As this is my (Kate) first blog for YAtopia, I
wanted to centre it around me. That’s right, me me me me! And, although I read almost
anything, when it comes to writing I’m a middle grade monster. (However, I plan to challenge myself during NaNoWriMo with a YA novel, but more on this in November.)
For those unfamiliar, we’re talking 8-12 year olds. The bit
before YA and the bit after first chapter books. Yes, it’s a tricky group to define
but in my eyes these are kids who are getting ready to grow up, who are about
to experience a lot of first times. Yet still so preciously innocent, still
hand-holders. So writing for these guys is a big responsibility. It’s all about
Because of the huge divide in potential reading abilities,
there’s a definite split: lower MG (Spiderwick Chronicles) and upper MG (The first
Harry P’s, Percy Jackson). Word count and voice are the best ways to spot
the difference but something as simple as the cover art is a good indicator
too. My writing voice leans toward upper. However, what I’m seeing more and
more these days, is YA themes in MG books, and I’ve got to say, I don't like
I'm a lover of rules (probably an important fact to bear in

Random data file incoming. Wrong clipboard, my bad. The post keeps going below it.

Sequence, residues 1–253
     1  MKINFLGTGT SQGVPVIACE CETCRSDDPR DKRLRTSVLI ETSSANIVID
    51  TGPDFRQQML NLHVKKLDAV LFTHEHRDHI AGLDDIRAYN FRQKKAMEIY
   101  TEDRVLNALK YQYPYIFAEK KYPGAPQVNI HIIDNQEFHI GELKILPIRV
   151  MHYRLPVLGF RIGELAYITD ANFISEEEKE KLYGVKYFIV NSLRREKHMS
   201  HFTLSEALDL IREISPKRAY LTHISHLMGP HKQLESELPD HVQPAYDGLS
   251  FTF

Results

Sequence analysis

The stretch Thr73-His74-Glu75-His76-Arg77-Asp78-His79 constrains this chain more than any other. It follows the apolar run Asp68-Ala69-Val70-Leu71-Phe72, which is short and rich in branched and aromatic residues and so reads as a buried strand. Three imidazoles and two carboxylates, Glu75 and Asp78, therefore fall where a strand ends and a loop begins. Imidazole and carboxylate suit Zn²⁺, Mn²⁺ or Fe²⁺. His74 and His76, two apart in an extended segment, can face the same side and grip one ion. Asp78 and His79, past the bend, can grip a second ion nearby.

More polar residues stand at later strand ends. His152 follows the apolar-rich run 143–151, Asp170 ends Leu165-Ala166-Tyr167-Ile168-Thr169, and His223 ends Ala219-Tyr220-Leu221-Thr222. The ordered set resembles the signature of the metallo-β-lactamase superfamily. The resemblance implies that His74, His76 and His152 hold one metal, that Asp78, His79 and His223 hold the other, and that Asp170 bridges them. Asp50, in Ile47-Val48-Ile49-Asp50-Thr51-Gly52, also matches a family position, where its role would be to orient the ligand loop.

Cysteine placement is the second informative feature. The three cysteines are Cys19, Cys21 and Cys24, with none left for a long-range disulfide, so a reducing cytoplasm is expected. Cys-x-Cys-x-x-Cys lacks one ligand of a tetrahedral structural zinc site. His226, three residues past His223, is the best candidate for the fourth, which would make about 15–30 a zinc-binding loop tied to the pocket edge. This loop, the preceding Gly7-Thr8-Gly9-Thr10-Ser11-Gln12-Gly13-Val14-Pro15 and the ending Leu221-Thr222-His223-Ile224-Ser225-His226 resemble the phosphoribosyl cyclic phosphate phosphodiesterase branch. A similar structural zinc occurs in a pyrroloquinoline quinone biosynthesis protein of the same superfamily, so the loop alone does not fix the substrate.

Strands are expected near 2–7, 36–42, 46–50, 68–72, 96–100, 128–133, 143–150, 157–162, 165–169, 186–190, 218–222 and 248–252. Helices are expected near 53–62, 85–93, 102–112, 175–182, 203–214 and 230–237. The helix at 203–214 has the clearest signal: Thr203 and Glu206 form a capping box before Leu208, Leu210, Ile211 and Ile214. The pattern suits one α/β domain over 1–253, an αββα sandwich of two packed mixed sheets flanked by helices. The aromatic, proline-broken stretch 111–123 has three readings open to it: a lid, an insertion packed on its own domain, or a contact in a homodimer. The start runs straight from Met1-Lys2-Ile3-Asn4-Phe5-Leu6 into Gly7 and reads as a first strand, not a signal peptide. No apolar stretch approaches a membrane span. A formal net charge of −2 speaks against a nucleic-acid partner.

mind with me) so I have strict guidelines that I adhere to. And, as a grown-up
who buys for this age group, I think every MG author should make sure they’re
setting similar boundaries to avoid poisoning these pristine little minds.
it out. If it’s absolutely, 100%, unbelievably necessary then stick with B class words and the smallest smattering. These kids will learn the A class soon
Death: Yeah, it’s
life, I know, but kids should only have to deal with this subject as and when.
It depends on the genre of the book, of course, but personally I avoid it. If
you’ve got to put it in, touch on it delicately, no gory or intricate details.
not. A peck on the lips, the touch of an arm. That’s it though. All in good
Drugs and alcohol:
Definitely not the kids but, maybe in a contemporary novel, the main child character
could be viewing an addiction or user secondhand. Best not to spell out exactly what's going on.
Always. Pamper to this age group’s dreams, keep the mystery of the rainbow ending alive. Don’t destroy it.
Generally the dark, edgy, risque themes are not needed at
this age: they can come in YA books, when a child's mind is ready to deal with them. Life throws enough at youngsters, nasty
realities are abundant. I think, let them escape from all this in a book. Tell a fun,
happy, inspirational story that leaves them hopeful and with their youth
intact. I implore you to love these kids as I do, don’t make them grow up
before they’re ready.
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